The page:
Book Report: September/October


50 Books Challenge Progress:

The Big Short by Michael Lewis
Of course the movie is great but the book is better in that it really digs deep into the financial crisis. 

We Were Liars by E. Lockhart
I was expecting a lot more from this book and it didn't quite live up to the hype. The twist didn't surprise me. However, I did like the way the author described the setting.

Zen and the Art of Happiness by Chris Prentiss
This was a quick read centered around mindfulness.

 Good as Gone by Amy Gentry
This was a suspense novel that I didn't enjoy very much. I read the whole story in one afternoon so it did hold my attention but the ending was a let down.

Station Eleven by Emily St. John Mandel
This book was not at all what I expected but I loved every bit of it. It's set in an eerie post-apocalyptic America and a traveling theater troupe. There's a bit about people living in an airport which I found interesting.

The Crown by Kiera Cass
As I've said before, this series is my guilty pleasure.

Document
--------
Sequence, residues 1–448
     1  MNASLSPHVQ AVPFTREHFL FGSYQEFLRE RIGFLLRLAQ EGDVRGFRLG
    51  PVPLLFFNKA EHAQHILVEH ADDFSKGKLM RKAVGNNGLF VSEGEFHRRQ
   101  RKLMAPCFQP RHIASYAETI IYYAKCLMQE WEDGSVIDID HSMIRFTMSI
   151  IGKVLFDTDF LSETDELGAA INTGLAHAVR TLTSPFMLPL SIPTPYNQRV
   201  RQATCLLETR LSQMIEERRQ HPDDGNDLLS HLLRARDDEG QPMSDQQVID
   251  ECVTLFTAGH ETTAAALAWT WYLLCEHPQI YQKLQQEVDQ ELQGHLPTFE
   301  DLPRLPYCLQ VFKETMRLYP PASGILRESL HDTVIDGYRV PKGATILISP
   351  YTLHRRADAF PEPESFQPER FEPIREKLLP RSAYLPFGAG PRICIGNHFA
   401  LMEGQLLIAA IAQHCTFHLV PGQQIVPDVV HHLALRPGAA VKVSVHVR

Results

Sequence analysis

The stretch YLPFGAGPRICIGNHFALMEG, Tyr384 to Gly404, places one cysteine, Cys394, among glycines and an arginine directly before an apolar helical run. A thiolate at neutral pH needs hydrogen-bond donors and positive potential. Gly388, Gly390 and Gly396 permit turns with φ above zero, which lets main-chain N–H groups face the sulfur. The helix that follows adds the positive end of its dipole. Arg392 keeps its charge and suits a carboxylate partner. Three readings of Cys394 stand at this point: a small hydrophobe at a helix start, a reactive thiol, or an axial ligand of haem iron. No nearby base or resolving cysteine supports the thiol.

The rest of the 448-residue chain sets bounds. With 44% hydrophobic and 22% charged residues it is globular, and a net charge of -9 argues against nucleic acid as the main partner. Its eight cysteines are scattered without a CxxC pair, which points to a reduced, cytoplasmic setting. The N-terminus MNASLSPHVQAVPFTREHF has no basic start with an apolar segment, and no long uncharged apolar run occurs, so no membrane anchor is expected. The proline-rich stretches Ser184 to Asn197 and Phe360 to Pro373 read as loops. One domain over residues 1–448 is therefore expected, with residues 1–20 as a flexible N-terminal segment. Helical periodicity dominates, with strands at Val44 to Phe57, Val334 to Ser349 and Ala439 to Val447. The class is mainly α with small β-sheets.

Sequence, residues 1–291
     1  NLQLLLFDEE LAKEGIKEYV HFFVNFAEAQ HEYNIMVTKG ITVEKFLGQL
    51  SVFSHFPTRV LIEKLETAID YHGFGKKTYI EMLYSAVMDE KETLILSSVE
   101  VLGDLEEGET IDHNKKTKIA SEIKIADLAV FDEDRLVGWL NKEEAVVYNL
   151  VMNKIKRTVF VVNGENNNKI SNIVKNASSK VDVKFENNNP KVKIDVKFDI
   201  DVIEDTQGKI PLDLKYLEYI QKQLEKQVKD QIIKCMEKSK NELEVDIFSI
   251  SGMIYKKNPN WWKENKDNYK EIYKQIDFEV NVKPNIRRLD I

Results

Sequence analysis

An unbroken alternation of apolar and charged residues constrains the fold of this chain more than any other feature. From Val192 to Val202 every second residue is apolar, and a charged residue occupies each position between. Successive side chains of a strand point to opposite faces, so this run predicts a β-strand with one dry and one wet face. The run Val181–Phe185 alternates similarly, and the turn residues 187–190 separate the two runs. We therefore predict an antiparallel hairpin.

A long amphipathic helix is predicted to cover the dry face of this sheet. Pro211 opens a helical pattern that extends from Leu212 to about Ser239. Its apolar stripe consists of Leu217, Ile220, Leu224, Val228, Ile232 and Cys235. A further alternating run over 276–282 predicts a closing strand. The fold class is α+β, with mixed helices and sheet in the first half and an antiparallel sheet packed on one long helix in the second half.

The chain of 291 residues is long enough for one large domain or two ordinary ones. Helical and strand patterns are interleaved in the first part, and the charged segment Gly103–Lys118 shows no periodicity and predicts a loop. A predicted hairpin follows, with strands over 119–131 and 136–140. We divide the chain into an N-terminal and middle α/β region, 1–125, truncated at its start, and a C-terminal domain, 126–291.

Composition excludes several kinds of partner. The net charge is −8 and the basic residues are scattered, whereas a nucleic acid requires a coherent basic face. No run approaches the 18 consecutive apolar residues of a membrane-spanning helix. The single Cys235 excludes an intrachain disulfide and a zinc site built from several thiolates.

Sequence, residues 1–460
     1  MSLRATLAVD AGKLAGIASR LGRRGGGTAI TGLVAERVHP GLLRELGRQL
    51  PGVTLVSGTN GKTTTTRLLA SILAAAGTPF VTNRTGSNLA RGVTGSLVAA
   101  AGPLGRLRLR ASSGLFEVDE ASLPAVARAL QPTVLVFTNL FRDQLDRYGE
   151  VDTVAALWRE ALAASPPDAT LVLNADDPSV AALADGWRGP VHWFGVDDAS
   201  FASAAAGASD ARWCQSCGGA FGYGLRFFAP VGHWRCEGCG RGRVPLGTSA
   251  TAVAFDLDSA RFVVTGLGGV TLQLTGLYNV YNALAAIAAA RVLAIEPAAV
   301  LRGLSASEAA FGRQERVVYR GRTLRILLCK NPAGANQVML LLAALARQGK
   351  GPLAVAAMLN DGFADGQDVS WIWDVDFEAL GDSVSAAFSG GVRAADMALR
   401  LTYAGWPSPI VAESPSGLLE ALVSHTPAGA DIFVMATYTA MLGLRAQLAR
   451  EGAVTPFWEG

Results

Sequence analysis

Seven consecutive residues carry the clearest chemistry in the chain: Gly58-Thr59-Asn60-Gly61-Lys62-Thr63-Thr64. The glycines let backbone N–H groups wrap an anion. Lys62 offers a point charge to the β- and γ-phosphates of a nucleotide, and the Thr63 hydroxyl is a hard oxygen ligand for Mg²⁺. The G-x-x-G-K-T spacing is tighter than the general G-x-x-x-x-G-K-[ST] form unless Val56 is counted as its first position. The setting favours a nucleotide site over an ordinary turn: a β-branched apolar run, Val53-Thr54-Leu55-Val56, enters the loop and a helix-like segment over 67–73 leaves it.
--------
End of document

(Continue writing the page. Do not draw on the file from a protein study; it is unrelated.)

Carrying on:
The Cursed Child 
A lot of people seemed to be disappointed by the new Harry Potter story but I felt the opposite. I found it to be thoughtfully written and it was exciting to return to that world again.

Nasty Galaxy by Sophia Amoruso
I wasn't expecting to love this as much as I did. This coffee table book would be a really cool addition to any girl's collection provided she has an appreciation for good music and badass women.

Public Library by Ali Smith
This was my first foray into Ali Smith's work and I must say, it was magical. This was a book of short stories relating to the magic and importance of public libraries. Her writing style is unique and reminds me of the way my brain operates when I'm writing fiction.

The Nordic Theory of Everything by Anu Partanen
I'm fascinated by and constantly talking about Nordic society, so reading this book was a no-brainer. It discusses everything from education to healthcare and taxes in countries such as Finland, Sweden, and Denmark. I could go on and on about my admiration for these policies, but I'll spare the details for now.

The Hopefuls by Jennifer Close
At first, I enjoyed this book about a young couple living in D.C. The husband works in politics and the wife misses living in New York, then they become friends with another couple which unearths a sense of competition. I loved the way this one was written---very matter-of-fact and kind of gentle if that makes sense---but from the middle until the end, I became totally emotionally exhausted by the fact that it surrounded marital issues. Not really what I'm into.

Abandoned Books: Eligible, Underground Airlines

Only five more books to go!